Bushmaster Ironbark: Review

By: Peter Quilty, Photography by: Stuart Grant

The all-checkerplate Bushmaster Ironbark is armoured to win any bush battle.

Bushmaster Caravans’ owner Terry Ryan adopts a unique approach to building offroad caravans. But his ideas and philosophies don’t simply emanate from left field; it’s more a case of clear methodology and pragmatic thinking. And late last year, Terry’s strategy was to build what he claims is the toughest offroad caravan on the market.

Bushmaster -Ironbark -external


Enter the 5.18m (17ft) Ironbark – clad completely in checkerplate! That’s unusual enough in itself and, coupled with such a bold claim about its ability, I really didn’t know what to expect before seeing it in the flesh – but the Ironbark certainly emits a feeling of toughness and a sense of security when tackling the tracks. The full black checkerplate with white trim also has a unique aesthetic appeal that surprised me. And with all that checkerplate, this thing is 100 per cent hail-proof.

Bushmaster -Ironbark -checkerplate

The Ironbark’s full checkerplate covering comes in a choice of 10 colours. The van on test was clad in black, which looks striking but would be difficult to keep clean when you’re hurtling through the red dust and dirt of inland Australia. Complete checkerplate adds weight to the Ironbark (somewhat equivalent to Alucobond panels) but Bushmaster has managed to maintain a reasonable Tare weight of 2000kg, which shouldn’t pose too many problems offroad, with a generous payload of 750kg.

Bushmaster -Ironbark -storage

Meanwhile, on the extended A-frame is a storage centre or a ‘toolbox on steroids’, as I dubbed it – with side sections ideal for jerry can storage, a vented front section for two 9kg gas cylinders, and a massive toolbox in the top.

Bushmaster -Ironbark -underneath

There was no stone deflector on the Ironbark and I wondered whether stones may ricochet off the van’s checkerplate and potentially through the back window of the tow vehicle.

Rear hatches on both sides of the van are ideal for storing goodies such as a generator and a table and chairs; and the two sets of tail-lights, indicators and brake lights on the rear of the van caught my eye, as did the extra-long and extra-wide 80mm mudflaps.

Bushmaster -Ironbark -living -area

Terry is always prepared to assist his customers, often spending the best part of a day advising on set up procedures. He also offers a five-year warranty with no restrictions on where the caravan is taken. And he proudly states that the Ironbark can "take some punishment".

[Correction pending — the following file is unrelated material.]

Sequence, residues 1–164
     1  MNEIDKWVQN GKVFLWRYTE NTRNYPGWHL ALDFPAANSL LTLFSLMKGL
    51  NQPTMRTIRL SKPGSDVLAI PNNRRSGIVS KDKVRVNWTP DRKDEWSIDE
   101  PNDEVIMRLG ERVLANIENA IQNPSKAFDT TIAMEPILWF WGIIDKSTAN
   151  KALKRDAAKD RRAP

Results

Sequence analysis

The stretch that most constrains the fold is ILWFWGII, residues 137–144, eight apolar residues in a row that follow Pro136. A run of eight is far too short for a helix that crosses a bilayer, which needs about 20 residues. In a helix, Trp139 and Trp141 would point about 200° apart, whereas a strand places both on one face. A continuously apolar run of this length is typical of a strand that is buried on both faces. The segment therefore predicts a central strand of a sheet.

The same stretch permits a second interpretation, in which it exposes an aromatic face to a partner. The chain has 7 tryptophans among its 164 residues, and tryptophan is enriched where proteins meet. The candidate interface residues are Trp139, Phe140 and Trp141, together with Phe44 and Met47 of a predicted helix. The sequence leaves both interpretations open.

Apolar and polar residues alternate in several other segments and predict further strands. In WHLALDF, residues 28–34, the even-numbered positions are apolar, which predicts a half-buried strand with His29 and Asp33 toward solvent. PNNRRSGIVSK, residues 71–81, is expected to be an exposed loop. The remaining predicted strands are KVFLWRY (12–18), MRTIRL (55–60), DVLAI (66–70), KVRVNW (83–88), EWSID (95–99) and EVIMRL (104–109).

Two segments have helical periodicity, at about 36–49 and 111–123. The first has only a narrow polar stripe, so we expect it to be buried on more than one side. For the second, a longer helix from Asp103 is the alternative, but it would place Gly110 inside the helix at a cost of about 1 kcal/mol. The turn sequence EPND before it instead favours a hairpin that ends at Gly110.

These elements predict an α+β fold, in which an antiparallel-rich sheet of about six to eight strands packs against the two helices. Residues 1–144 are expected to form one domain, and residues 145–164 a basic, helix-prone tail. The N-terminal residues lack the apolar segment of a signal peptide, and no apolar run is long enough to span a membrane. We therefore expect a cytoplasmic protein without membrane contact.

The highlight of this van is the east-west caravan-king-size bed 2.2x1.5m (7ft 3inx5ft) in the bedroom. At that length, you’ll be able to really stretch out on the bed; however, the east-west nature of the bed has it sitting flush against the front wall, meaning the forward occupant will need to clamber over the bed to get into position. Overhead is a wind-up hatch with screen and blind.

Bushmaster -Ironbark -bedroom

However, there is no under-bed storage due to the two large, full-length tunnel boots directly underneath, but the layout works to give the van a spacious feel. And while there are overhead lockers, there aren’t any robes, albeit that’s somewhat compensated for by a cubbyhole in the ensuite.

If the east-west bed doesn’t appeal, there is also a 5.44m (17ft 10in) Ironbark layout available complete with island bed and a cafe dinette with tri-fold table.


Surprisingly, the ensuite is bigger than you’d expect in a 17-footer – and it’s also exquisitely-finished. The china bowl vanity comes with a mirror, flick mixer tower tap and drawers underneath.

Bushmaster -Ironbark -bathroom


There’s also the 1m-high cubbyhole (with removable shelf) that is ideal for hanging clothes and storing linen and towels. There are overhead lockers with LED strip lighting above the vanity, while the recessed Camec 4kg front-loading washing machine is certainly a bonus when it comes to extended periods on vacation.

Bushmaster -Ironbark -shower

Completing the ensuite’s elegant picture is a fully-moulded shower with a flexible hose and mixer, and a hatch with a 12V fan, plus a Thetford ceramic bowl toilet with a window and hatch above.


In my opinion, Terry’s plan of action to build a super-tough offroader has been successful. Whether or not it lives up to its hugely ambitious claim of being ‘Australia’s Toughest Caravan’, the Ironbark stands apart from the crowd with its full black checkerplate finish and huge list of standard features for a very reasonable price.



  • Huge water and power capacities
  • Stone and hail resistant
  • Excellent offroad capability
  • Phenomenal storage and ventilation


  • No TV (internal or external)
  • Could do with a stoneguard
  • Robes in ensuite not bedroom
  • No drop-down picnic table

The full test appears in Caravan World #553 September 2016. Subscribe today for the latest caravan reviews and news every month!